capsular contracture

Understanding capsular contracture

Your plastic surgeon will work meticulously and diligently to avoid potential risks following cosmetic surgery but sometimes complications are unavoidable. While there are many factors that can be studied and analysed to ensure that patients get the right treatment and recovery plan for them, there are some things which are out of surgeons’ control.

One of these is a condition called capsular contracture which can occur following breast augmentation surgery. Capsular contracture is an autoimmune condition that affects the body’s ability to create scar tissue.

The body’s natural response is to create a film of scar tissue around a foreign body such as an implant, but it becomes a problem if too much scar tissue is formed and it hardens, constricting the implant. This is not something that can be predicted unless the patient has suffered from this before.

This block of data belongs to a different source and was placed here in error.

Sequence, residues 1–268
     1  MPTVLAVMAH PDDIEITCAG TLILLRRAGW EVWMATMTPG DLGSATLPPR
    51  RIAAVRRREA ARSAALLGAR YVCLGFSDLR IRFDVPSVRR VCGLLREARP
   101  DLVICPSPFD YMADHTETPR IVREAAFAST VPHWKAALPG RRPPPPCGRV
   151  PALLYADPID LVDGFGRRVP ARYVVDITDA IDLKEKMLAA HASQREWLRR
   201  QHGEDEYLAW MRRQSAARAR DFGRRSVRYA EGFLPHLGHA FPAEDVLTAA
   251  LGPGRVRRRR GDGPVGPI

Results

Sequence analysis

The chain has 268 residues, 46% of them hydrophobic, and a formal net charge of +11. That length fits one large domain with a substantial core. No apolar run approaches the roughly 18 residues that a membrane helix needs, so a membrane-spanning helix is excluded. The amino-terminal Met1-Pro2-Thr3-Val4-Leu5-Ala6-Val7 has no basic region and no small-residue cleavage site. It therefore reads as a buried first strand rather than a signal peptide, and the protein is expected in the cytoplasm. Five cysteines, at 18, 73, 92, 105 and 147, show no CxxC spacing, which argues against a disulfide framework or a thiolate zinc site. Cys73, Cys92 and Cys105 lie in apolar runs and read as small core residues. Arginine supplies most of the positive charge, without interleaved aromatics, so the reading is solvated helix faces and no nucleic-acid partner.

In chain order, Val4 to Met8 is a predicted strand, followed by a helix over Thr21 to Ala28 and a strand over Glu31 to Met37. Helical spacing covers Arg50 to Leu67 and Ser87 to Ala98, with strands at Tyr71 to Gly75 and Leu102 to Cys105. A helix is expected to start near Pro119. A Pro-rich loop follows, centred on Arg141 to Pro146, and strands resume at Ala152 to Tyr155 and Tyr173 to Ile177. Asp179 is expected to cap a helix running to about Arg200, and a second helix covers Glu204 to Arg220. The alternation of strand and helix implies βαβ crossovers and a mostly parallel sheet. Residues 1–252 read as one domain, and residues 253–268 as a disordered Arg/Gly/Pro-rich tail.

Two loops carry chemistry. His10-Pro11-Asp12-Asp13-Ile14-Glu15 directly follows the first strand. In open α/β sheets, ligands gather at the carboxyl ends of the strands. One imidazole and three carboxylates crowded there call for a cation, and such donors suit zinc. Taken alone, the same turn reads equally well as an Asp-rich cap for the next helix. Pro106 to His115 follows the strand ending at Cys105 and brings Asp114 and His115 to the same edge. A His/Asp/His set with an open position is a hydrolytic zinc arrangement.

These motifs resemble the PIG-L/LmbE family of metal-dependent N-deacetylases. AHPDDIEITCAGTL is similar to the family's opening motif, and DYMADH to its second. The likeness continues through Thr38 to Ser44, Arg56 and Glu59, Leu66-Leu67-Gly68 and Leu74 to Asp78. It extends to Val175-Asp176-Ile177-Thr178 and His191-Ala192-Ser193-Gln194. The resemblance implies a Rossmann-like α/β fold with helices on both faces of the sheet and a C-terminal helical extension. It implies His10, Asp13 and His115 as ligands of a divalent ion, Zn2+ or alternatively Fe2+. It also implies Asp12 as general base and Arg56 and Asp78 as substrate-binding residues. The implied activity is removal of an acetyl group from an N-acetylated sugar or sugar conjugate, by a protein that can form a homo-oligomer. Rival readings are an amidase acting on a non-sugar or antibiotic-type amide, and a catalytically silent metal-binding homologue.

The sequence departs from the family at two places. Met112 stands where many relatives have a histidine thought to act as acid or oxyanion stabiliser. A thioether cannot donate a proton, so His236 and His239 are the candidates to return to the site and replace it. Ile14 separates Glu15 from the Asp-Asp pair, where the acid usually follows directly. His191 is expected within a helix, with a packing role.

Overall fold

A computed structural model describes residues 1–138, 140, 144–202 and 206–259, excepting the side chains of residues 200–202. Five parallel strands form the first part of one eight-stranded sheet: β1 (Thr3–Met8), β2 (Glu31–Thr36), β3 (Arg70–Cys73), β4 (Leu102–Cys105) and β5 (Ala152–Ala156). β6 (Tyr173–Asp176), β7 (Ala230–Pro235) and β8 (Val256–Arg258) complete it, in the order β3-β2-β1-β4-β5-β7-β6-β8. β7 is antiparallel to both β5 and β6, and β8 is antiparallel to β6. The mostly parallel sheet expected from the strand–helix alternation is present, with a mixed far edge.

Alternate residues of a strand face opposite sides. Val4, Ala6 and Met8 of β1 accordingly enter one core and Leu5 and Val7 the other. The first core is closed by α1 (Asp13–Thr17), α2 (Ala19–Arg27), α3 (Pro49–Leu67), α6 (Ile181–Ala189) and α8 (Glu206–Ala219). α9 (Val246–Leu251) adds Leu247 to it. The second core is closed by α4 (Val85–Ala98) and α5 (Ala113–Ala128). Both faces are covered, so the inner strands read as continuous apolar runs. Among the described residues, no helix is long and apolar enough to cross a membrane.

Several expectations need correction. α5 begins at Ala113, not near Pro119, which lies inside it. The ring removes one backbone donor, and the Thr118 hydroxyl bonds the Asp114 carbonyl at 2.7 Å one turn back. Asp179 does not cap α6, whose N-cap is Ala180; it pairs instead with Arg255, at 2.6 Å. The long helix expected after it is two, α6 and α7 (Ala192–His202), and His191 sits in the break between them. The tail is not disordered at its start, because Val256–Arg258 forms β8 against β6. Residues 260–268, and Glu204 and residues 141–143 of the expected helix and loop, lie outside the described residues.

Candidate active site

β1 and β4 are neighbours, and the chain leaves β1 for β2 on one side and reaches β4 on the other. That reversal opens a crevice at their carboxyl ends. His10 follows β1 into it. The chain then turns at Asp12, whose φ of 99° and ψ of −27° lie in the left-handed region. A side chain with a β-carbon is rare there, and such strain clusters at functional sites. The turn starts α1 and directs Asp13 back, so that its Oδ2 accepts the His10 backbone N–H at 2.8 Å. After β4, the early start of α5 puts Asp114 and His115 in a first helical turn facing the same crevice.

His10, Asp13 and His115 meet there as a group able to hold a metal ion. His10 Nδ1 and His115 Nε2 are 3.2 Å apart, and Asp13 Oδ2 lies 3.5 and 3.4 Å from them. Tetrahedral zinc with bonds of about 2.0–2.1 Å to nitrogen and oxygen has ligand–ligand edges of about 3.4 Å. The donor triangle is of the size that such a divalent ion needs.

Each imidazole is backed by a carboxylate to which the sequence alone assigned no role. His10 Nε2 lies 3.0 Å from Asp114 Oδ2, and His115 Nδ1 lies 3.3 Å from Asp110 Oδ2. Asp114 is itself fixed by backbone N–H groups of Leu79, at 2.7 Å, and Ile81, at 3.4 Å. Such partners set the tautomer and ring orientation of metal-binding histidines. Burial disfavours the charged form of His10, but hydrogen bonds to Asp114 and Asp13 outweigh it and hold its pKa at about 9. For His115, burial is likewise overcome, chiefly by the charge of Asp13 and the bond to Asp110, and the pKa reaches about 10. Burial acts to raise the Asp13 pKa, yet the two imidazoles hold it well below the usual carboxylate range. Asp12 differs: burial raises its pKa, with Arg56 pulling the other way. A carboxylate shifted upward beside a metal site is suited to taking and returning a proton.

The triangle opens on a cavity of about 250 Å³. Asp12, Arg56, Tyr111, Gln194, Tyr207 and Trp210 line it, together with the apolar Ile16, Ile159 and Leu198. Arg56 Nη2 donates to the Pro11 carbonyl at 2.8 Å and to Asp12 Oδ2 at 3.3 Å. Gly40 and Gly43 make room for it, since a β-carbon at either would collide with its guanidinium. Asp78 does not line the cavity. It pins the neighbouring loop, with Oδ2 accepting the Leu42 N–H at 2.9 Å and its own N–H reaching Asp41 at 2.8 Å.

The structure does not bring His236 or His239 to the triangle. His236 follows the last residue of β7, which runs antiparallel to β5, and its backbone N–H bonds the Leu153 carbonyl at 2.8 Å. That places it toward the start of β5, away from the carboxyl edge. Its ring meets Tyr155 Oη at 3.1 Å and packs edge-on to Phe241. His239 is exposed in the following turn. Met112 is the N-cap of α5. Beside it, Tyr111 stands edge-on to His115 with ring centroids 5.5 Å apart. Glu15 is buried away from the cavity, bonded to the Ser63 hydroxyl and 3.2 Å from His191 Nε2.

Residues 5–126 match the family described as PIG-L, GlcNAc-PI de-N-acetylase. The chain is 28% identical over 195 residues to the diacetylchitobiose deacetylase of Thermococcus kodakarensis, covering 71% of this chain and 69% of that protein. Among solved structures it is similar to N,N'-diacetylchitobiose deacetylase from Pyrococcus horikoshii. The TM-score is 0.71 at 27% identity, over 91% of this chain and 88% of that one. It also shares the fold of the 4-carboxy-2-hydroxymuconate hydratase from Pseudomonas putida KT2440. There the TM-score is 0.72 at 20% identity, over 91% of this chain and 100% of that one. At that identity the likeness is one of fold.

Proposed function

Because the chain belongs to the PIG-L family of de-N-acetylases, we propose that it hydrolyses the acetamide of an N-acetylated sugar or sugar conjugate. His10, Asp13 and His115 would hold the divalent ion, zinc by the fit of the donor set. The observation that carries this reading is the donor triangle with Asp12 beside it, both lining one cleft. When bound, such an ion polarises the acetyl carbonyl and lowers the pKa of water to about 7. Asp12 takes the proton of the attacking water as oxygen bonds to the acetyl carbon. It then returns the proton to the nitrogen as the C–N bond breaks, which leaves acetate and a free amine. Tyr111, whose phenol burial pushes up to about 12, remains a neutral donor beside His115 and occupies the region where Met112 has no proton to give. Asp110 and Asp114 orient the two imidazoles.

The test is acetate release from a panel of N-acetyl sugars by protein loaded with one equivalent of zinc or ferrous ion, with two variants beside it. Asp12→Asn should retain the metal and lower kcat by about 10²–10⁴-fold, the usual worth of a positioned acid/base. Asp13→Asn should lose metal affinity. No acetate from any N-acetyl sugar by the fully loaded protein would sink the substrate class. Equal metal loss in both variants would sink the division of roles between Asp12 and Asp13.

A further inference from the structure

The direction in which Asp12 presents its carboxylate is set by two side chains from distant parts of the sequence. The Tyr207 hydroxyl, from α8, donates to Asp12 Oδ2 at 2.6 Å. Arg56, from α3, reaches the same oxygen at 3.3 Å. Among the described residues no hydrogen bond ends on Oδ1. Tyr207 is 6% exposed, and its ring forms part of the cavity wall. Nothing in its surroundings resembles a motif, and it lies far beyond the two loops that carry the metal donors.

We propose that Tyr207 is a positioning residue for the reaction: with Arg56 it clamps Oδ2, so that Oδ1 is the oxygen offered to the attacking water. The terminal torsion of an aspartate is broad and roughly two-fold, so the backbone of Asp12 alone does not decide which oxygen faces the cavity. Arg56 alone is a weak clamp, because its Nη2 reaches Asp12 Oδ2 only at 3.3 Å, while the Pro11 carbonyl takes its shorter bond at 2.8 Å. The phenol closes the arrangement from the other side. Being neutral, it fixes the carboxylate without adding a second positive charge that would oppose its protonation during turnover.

Scar tissue is created by the body in response to an incision or wound. The cells create new tissue to fuse the gap, but this is always courser than the original tissue and has slightly different properties. For many of us, scar tissue will form and then the scar will fade over time. Depending on the depth of the incision, some will fade entirely.

When breast implants are inserted, the normal development of scar tissue actually helps keep the implants in the right location within the chest. For people who develop capsular contracture, however, the scar tissue is created in abundance and this can cause problems for implants. Problems can include:

  • Discomfort in the breasts
  • Pressure on the implants which can push them higher up the chest than is desired
  • Uneven look and feel to the skin

If you have had breast implants and believe you are experiencing capsular contracture as you heal then consult your plastic surgeon for an assessment. In some cases, revision surgery is required to address the problem.

How likely am I to develop capsular contracture?

This condition is quite common and varies from being so mild that patients are completely unaware of it, to other cases where the symptoms above are discovered. The risk of serious capsular contracture is low and Mr Alan Park will do everything he can in the pre-operative planning to reduce the risk.